Our precedent addressing when an appeal can be taken from a district court order disposing of a motion to amend or supplement a complaint also confirms the conclusion that the tax court's order denying the motion to amend or supplement is not immediately appealable as a final order. For example, in Hanley v. Board of County Commissioners of Cass County, the plaintiff in an election contest sought leave to amend his complaint almost 3 months after he filed the action. 87 Minn. 209, 210, 91 N.W. 756, 757 (1902). The district court denied the motion because it was untimely as a matter of law. Id. Noting that the "general rule is that no appeal lies from an order granting or denying a motion to amend a pleading, " we concluded that a pretrial order denying a motion to amend "can only be reviewed on an appeal from the judgment." Id. at 210-11, 91 N.W. at 757. Similarly, in Burkholder v. Burkholder, we held that an order denying a motion to file a supplemental paragraph to the original complaint was not appealable because "the original . . . action had never been tried on its merits and the order was made before judgment." 231 Minn. 285, 289, 43 N.W.2d 801, 803 (1950); see also Itasca Cedar & Tie Co. v. McKinley, 129 Minn. 536, 537, 152 N.W. 653, 653 (1915) ("It is well settled that . . . an order [denying leave to amend], made before judgment, is not appealable."); Stromme v. Rieck, 110 Minn. 472, 473, 125 N.W. 1021, 1021 (1910) ("If [an order granting leave to file and serve a supplemental complaint] is made before judgment, it may be reviewed on appeal from the judgment . . . but no appeal lies from such order made before judgment.").

Consistent with these decisions, the denial of a motion to amend or supplement is not appealable as a final order. Our precedent recognizes instead that an appeal from the denial of a motion to amend is properly taken at the conclusion of proceedings in the lower court. See, e.g., Rosenberg v. Heritage Renovations, LLC, 685 N.W.2d 320, 332 (Minn. 2004) (analyzing whether the district court abused its discretion when it denied a motion to amend a complaint after summary judgment was granted); Wessin v. Archives Corp., 592 N.W.2d 460, 467-68 (Minn. 1999) (analyzing whether the district court abused its discretion when it denied a motion to amend a complaint after judgment was granted on the pleadings). The same process should apply to appeals from tax court orders denying motions to amend or supplement a petition.

For all of these reasons, we hold that the tax court's order denying the Trust Fund's motion to amend or supplement the 2005 and 2008 petitions is not reviewable as a final order under section 271.10.

II.

We turn next to the question of whether we have jurisdiction to review the tax court's order under Minn. R. Civ. App. P. 105.01. Rule 105.01 states that "[u]pon the petition of a party, in the interests of justice . . . the Supreme Court may allow an appeal from an order of the Tax Court . . . not otherwise appealable pursuant to Rule 116 or governing statute." Both parties urge us to permit discretionary review of the tax court's order "in the interests of justice." We decline the parties' invitation.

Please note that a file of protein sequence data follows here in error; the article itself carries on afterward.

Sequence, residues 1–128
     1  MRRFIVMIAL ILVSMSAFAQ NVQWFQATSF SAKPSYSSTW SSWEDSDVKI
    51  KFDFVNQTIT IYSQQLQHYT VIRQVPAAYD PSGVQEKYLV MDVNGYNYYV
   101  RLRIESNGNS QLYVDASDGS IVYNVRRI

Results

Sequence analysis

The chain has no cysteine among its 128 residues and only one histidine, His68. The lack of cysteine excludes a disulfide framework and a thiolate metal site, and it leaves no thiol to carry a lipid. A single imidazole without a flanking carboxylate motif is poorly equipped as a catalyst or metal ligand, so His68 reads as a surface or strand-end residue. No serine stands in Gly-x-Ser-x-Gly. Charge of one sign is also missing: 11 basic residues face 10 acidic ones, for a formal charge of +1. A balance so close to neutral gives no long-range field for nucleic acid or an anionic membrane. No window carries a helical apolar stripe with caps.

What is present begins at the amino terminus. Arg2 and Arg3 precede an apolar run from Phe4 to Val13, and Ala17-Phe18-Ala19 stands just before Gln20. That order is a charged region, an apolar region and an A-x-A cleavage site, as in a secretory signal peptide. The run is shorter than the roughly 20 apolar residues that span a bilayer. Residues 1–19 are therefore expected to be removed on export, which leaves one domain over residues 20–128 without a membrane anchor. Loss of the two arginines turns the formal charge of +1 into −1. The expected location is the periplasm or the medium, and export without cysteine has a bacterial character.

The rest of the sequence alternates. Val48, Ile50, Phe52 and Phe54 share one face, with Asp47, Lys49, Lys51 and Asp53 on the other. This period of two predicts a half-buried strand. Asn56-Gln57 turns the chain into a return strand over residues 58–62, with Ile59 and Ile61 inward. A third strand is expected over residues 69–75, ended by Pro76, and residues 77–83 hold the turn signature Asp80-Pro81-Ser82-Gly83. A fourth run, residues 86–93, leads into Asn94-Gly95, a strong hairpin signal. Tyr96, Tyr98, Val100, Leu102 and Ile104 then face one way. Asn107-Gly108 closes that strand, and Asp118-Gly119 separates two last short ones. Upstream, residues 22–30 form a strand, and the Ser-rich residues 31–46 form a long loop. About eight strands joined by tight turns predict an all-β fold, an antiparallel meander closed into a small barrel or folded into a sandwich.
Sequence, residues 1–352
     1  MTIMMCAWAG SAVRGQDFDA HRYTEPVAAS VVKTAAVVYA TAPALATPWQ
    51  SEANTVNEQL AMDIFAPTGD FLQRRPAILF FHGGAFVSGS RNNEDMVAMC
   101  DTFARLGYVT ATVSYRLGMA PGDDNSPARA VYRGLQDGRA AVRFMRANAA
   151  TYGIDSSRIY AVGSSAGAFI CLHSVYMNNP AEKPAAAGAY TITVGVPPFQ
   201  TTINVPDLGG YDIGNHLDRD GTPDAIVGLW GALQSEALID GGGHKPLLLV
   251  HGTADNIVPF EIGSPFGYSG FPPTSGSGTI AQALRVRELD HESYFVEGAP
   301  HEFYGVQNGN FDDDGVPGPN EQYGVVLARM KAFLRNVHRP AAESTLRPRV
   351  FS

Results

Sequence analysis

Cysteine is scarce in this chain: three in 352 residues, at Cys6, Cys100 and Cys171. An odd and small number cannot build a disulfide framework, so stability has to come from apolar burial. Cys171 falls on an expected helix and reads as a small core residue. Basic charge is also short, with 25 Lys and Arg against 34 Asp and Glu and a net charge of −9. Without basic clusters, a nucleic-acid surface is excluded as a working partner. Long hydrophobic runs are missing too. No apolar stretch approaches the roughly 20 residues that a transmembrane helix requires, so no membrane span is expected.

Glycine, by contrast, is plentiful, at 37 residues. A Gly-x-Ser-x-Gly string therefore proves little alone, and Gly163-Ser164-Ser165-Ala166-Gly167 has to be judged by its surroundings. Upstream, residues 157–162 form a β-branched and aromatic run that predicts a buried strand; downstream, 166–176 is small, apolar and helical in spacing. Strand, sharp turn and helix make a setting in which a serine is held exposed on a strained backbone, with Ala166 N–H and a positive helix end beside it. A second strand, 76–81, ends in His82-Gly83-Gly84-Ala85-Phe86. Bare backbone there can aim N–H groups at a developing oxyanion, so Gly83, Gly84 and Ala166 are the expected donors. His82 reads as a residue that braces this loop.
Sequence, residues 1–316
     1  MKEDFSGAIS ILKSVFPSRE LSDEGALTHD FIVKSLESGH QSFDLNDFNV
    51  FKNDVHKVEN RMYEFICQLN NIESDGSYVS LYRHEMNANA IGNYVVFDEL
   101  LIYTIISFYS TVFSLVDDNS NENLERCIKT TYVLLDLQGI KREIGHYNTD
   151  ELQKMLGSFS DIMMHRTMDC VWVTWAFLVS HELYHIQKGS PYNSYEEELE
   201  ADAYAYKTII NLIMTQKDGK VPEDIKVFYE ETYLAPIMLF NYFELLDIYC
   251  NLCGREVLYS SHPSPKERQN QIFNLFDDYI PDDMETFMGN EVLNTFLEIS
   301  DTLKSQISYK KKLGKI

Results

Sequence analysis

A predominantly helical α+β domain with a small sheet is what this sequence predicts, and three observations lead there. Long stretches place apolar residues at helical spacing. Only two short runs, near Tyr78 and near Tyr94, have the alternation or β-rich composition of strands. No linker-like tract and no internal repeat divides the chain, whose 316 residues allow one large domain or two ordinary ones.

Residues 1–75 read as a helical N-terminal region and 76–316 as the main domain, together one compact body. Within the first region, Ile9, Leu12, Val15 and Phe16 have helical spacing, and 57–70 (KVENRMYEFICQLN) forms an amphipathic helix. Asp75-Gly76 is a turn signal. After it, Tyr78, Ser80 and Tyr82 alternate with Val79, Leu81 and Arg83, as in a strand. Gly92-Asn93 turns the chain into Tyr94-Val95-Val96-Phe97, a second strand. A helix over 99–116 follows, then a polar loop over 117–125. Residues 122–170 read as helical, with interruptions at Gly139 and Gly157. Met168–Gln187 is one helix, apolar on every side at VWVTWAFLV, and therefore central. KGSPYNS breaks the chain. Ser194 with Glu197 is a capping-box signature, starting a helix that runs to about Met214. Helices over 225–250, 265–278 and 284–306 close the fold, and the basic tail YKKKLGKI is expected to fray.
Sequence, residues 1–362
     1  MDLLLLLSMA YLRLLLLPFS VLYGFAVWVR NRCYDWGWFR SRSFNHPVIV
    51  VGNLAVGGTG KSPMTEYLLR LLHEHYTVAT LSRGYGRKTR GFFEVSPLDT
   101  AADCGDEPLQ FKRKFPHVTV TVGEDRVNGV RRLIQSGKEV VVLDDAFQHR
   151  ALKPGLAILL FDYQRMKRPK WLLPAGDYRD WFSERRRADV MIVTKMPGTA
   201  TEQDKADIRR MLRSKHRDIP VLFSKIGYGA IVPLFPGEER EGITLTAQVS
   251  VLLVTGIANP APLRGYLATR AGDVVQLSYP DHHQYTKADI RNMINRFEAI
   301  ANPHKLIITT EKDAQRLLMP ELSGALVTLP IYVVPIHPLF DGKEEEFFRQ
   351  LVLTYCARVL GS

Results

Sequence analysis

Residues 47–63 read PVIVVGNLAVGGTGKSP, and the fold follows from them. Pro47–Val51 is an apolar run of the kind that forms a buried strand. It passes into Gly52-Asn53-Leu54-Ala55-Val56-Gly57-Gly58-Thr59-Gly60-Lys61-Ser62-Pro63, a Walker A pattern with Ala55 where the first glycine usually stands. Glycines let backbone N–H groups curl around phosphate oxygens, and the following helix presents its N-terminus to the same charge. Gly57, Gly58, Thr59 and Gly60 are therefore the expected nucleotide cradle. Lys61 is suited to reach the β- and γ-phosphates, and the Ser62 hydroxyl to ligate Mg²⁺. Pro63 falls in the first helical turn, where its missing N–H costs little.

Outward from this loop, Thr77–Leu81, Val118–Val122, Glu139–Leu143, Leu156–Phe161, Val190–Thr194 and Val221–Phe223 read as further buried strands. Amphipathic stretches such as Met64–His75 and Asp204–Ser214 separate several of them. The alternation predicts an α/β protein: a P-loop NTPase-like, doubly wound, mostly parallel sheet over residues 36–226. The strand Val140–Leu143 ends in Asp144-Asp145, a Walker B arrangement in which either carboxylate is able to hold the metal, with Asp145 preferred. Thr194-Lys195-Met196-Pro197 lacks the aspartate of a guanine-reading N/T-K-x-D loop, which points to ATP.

We have not previously considered whether to exercise discretionary review under Rule 105.01 over a tax court order. But we have applied Rule 105.01 outside the context of the tax court. We have said that "a compelling reason for [an] immediate appeal" may support an exercise of discretionary review under Rule 105.01. Gordon v. Microsoft Corp., 645 N.W.2d 393, 398 (Minn. 2002). The general rules applicable to appellate jurisdiction are also relevant to the decision to exercise discretionary review, such as the disfavor of interlocutory appeals, the policy of avoiding piecemeal appeals that disrupt and delay litigation, and the requirement for a final order. Id. at 398, 403. We have also refused to exercise discretionary review under Rule 105.01 when judicial economy is served by the completion of proceedings in the lower court. Kokesh v. City of Hopkins, 307 Minn. 159, 162, 238 N.W.2d 882, 884 (1976); see also Miyoi v. Gold Bond Stamp Co. Emps. Ret. Trust, 293 Minn. 376, 378, 196 N.W.2d 309, 310 (1972) (denying discretionary review under Rule 105.01 when the lower court order did not expose the appellant to irreparable damage). Applying these principles here, we conclude that it is not in the interests of justice for us to exercise discretionary review of the tax court's order.

The parties articulate no "compelling" reason why an immediate appeal is required in this case. Gordon, 645 N.W.2d at 398. To the contrary, allowing the tax court to resolve the merits of the Trust Fund's exemption claim avoids piecemeal litigation and best serves the interest of judicial economy. As set forth above, the Trust Fund can pursue appellate review of the denial of its motion to amend or supplement at the conclusion of proceedings in the tax court. Because this is not a case in which allowing the tax court proceedings to conclude impairs the Trust Fund's legal rights, and we otherwise discern no compelling reason to exercise discretionary jurisdiction, we decline to exercise jurisdiction under Minn. R. Civ. App. P. 105.01.[3] Beuning, 817 N.W.2d at 128.

Because we conclude that the tax court's denial of the Trust Fund's motion to amend or supplement the 2005 and 2008 petitions is not immediately reviewable by certiorari either as a "final order" under Minn. Stat. § 271.10 or "in the interests of justice" under Minn. R. Civ. App. P. 105.01, we dismiss the writ of certiorari.[4]

Writ of certiorari dismissed.

LILLEHAUG, J., not having been a member of this court at the time of submission, took no part in the consideration or decision of this case.